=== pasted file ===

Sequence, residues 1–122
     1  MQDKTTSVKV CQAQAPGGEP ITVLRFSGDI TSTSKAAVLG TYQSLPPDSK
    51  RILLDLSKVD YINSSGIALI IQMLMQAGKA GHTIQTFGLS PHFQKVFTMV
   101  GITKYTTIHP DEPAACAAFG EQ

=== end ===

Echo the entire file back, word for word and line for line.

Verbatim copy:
Sequence, residues 1–122
     1  MQDKTTSVKV CQAQAPGGEP ITVLRFSGDI TSTSKAAVLG TYQSLPPDSK
    51  RILLDLSKVD YINSSGIALI IQMLMQAGKA GHTIQTFGLS PHFQKVFTMV
   101  GITKYTTIHP DEPAACAAFG EQ